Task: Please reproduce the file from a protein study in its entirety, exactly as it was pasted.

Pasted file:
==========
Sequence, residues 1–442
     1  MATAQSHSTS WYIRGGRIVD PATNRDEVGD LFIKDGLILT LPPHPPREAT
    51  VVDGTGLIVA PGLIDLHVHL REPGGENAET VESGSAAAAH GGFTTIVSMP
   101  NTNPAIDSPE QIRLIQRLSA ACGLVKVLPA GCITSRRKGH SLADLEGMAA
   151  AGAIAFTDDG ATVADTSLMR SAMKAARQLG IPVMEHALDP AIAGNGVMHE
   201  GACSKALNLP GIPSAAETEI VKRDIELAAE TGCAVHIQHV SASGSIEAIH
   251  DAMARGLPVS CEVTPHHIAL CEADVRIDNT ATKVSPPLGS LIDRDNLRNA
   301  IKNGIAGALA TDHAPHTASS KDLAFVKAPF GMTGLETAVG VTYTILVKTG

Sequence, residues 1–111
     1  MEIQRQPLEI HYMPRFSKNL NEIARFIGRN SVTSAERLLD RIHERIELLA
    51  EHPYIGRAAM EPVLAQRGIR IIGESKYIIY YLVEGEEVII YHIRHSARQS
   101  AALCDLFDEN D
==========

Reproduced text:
Sequence, residues 1–442
     1  MATAQSHSTS WYIRGGRIVD PATNRDEVGD LFIKDGLILT LPPHPPREAT
    51  VVDGTGLIVA PGLIDLHVHL REPGGENAET VESGSAAAAH GGFTTIVSMP
   101  NTNPAIDSPE QIRLIQRLSA ACGLVKVLPA GCITSRRKGH SLADLEGMAA
   151  AGAIAFTDDG ATVADTSLMR SAMKAARQLG IPVMEHALDP AIAGNGVMHE
   201  GACSKALNLP GIPSAAETEI VKRDIELAAE TGCAVHIQHV SASGSIEAIH
   251  DAMARGLPVS CEVTPHHIAL CEADVRIDNT ATKVSPPLGS LIDRDNLRNA
   301  IKNGIAGALA TDHAPHTASS KDLAFVKAPF GMTGLETAVG VTYTILVKTG

Sequence, residues 1–111
     1  MEIQRQPLEI HYMPRFSKNL NEIARFIGRN SVTSAERLLD RIHERIELLA
    51  EHPYIGRAAM EPVLAQRGIR IIGESKYIIY YLVEGEEVII YHIRHSARQS
   101  AALCDLFDEN D